Jump to ContentJump to Main Navigation
No SolutionThe Labour Government and the Northern Ireland Conflict, 1974-79$
Users without a subscription are not able to see the full content.

S.C. Aveyard

Print publication date: 2016

Print ISBN-13: 9780719096402

Published to Manchester Scholarship Online: May 2017

DOI: 10.7228/manchester/9780719096402.001.0001

Show Summary Details
Page of

PRINTED FROM MANCHESTER SCHOLARSHIP ONLINE (www.manchester.universitypressscholarship.com). (c) Copyright Manchester University Press, 2021. All Rights Reserved. An individual user may print out a PDF of a single chapter of a monograph in MSO for personal use.date: 26 September 2021

The evolution of the long war

The evolution of the long war

Chapter:
(p.220) 10 The evolution of the long war
Source:
No Solution
Author(s):

S.C. Aveyard

Publisher:
Manchester University Press
DOI:10.7228/manchester/9780719096402.003.0011

After the ceasefire the Provisional IRA was in disarray and it struggled because of increased attrition by British security forces. In response, just as the Labour government adapted to the long haul ahead by formulating the policies of police primacy and criminalisation, republicans fashioned a ‘long war’ strategy which formed the basis of their armed struggle for the rest of the conflict. Sections of the Northern Ireland Office began to appreciate that the conflict would persist over a number of years because of the PIRA’s ability to adapt to the new conditions. Pressures from the British army to revert to a more aggressive stance persisted and there was growing evidence that senior officers were only paying lip service to the Labour government’s strategy. There were also a number of controversies over SAS operations, the growing protest in the prisons and interrogation techniques used by the RUC. Each of these illustrates the limitations on attempts to drive a wedge between the Provisional IRA and the nationalist community.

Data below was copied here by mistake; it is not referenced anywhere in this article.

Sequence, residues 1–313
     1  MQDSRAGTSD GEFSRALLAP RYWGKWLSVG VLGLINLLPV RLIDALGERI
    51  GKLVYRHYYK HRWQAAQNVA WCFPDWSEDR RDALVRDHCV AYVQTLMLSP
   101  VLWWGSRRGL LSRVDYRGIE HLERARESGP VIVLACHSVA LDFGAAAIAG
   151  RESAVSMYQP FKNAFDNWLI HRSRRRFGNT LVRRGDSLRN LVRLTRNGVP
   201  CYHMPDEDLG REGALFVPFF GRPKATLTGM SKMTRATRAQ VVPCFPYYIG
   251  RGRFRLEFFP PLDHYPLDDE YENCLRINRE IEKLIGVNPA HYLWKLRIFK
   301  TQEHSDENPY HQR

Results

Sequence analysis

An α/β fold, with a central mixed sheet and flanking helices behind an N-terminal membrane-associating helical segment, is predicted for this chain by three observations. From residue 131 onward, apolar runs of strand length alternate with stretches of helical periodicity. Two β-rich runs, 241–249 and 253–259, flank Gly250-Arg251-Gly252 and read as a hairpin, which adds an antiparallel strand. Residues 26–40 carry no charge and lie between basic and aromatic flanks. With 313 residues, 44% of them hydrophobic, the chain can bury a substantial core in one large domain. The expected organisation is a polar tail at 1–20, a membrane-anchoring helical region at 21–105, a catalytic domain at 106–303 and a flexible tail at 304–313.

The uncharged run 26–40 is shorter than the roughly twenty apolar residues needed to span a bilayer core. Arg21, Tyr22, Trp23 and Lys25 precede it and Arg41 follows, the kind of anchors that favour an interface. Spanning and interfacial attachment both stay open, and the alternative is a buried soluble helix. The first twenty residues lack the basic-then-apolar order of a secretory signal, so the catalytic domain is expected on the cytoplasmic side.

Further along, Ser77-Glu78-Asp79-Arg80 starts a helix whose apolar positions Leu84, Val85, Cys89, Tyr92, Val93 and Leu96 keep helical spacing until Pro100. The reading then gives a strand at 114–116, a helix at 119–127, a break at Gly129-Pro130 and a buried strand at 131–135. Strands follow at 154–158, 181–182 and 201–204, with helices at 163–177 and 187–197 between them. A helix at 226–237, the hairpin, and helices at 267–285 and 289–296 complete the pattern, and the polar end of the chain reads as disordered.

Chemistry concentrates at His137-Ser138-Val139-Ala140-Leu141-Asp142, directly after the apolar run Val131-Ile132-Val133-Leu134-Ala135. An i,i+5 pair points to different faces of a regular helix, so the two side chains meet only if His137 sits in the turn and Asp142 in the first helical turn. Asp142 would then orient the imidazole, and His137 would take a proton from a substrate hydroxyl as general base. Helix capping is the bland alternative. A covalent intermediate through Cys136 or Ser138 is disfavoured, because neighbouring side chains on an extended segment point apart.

Keywords:   Provisional IRA, British army, Royal Ulster Constabulary, Long war, Criminalisation, Prison protests, Interrogation

Manchester Scholarship Online requires a subscription or purchase to access the full text of books within the service. Public users can however freely search the site and view the abstracts and keywords for each book and chapter.

Please, subscribe or login to access full text content.

If you think you should have access to this title, please contact your librarian.

To troubleshoot, please check our FAQs, and if you can't find the answer there, please contact us.